The SOFIA Airborne Observatory project, initiated in 1966, has captured its first images. The unusual observatory is a Boeing 747 aircraft with a 2.5 meter telescope. A hole, cut in the side of the fuselage, allows astronomers to point the telescope and view the universe in wavelengths that are blocked from the ground by the Earth's atmosphere.
One of the cloud belts that ring the giant planet Jupiter has recently disappeared. The missing stripe is big enough to swallow 20 Earths, and its disappearance has transformed the appearance of the solar system's largest planet.
Planets orbiting a star at odd angles to one other challenge astronomers' notions of how planets should behave. Hubble tracks down a star running away from home and catches another star feeding on its own planet.
Astronauts take lots of items into space with them. Some are personal items, others are patches and similar memorabilia likely to be presented to museums and dignitaries. Quite a few famous objects go into space -? examples include a Star Wars light saber and a piece of Isaac Newton's legendary apple tree.
The 30 Doradus complex in a small nearby galaxy, the Large Magellanic Cloud, is home to a giant, massive star cluster rapidly forming hundreds of stars. It is probably the most massive star cluster in the local part of the universe. This region has been studied extensively, and data from Australia, Chile and the Hubble have been combined to analyze it. The scientists have found it contains at least one massive, runaway star, somehow kicked out of the rest of the cluster. How this occurs and whether there are more runaways are questions to be answered in the future.
The European Space Agency's Herschel Observatory has been observing the infrared universe for more than a year now, studying monster stars and probing dark dust clouds that now reveal regions of intense star formation.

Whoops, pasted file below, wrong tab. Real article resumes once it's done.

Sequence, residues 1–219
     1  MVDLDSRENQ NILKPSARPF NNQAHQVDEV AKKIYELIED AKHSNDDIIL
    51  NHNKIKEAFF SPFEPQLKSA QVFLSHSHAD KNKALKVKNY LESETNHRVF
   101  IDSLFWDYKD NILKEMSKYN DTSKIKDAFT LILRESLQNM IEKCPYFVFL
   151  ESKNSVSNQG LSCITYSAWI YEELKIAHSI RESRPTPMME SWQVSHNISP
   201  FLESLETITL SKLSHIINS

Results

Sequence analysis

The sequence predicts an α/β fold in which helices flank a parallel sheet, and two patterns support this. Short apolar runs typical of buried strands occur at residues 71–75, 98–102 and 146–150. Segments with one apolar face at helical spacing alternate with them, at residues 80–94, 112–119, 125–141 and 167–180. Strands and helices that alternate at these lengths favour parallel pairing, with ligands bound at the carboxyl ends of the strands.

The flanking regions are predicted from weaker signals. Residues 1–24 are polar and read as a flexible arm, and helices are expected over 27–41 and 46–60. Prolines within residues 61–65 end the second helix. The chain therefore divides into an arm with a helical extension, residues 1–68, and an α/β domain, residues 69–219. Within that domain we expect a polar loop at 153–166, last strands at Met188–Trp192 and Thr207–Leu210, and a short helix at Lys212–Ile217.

NASA's new Solar Dynamics Observatory (SDO) has taken some astonishing movies of the Sun. One shows one of the biggest eruptions of the Sun in recent years, with billions of tons of solar material blasting into space. The images have helped solve a solar mystery.
Thousands of small objects drift through the solar system. Many are in the Asteroid Belt, but many more reside beyond the orbit of Neptune. Some of these small objects collect together into binaries or clusters and orbit the Sun together. Scientists have found that an asteroid originally thought to be single may actually have two companions.
The conventional concept of extrasolar planet formation is that the objects form out of the dusty material circling the parent star. As a cloud of gas and dust collapses and rotates, the star forms at the center, leaving behind a remnant of cloud that forms a disk as it continues to rotate. As the dusty disk churns along, planets form in orbit around the star. In our solar system, the planets orbit in the same direction as the Sun rotates. The dynamics of planet formation suggest that this is the usual situation, but new observations have found Jupiter-sized planets orbiting in a backwards or skewed fashion. It's a puzzle to understand how these systems form.
Hubble celebrates its 20th anniversary with a new image and a way for people to make their love for the telescope known. An X-shaped debris trail marks the path of a mysterious object, and an object circling a brown dwarf looks like a planet -? but is it?